The Lottery, By Shirley Jackson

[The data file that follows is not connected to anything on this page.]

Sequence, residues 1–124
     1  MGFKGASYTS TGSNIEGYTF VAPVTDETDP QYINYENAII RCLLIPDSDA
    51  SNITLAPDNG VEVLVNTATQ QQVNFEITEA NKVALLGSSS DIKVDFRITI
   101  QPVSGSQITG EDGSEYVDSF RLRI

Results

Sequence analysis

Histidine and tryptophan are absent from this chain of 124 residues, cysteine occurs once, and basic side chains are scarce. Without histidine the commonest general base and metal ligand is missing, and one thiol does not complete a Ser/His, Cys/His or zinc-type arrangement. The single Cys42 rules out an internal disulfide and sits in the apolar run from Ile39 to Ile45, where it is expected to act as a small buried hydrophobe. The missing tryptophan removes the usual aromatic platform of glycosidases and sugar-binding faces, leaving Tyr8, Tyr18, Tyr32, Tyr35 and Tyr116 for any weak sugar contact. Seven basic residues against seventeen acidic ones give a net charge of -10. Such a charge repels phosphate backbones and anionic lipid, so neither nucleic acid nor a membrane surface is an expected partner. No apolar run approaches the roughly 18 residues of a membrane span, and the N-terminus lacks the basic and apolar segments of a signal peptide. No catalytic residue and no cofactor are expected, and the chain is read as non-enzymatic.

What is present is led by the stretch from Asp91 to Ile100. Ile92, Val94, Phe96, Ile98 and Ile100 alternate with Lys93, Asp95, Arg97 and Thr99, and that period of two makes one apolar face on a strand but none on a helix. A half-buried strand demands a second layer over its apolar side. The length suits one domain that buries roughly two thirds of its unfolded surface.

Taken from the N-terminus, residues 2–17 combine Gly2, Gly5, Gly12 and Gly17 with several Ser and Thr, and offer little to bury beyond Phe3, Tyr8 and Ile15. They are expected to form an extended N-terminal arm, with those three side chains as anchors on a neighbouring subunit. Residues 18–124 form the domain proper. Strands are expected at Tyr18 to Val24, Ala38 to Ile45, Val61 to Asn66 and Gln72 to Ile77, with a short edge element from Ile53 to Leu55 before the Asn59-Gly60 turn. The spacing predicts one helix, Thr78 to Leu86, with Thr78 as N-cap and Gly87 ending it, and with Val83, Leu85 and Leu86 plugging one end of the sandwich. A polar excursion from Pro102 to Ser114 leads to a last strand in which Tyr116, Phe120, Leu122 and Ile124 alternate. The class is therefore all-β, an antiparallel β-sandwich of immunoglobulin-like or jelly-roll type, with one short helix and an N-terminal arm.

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What is the difference between superstitions and traditions? «The lottery» by Shirley Jackson provides a good example how superstitions of people from a tiny town affect on those traditions. This story shows dark side of Humanity. Whole community entrusts their life with a small black box. The allegory can confuse you, because the main purpose of the «lottery» is kill one of the citizens for a strange false belief. To my mind, the author tried to explain why new generation sometimes shouldn’t continue the weird and cruel traditions. «The lottery» is an allegory which was written by Shirley Jackson in 1948. In it, she used an irony to show how inane could be some traditions and people who essentially follow them. The lottery - is the ritual when all people from the small village crowd together and Mr. Summers, who enjoys devoting civic activities, organizes this event. He and his assistant make a small piece of paper and one of these has a black dot. They put it into the shabby black box, after Mr. Summers call head of household to determine who will «win» the lottery. But the winner should not be happy, because all other citizens will stone the winner to death. People do it annually, because they afraid that the harvest could be poor. Everyone must participate, regardless of gender and age. This short story contains a lot of different characters to explain how belief in something abnormal of previous generations can strongly affect traditions and consider morality.

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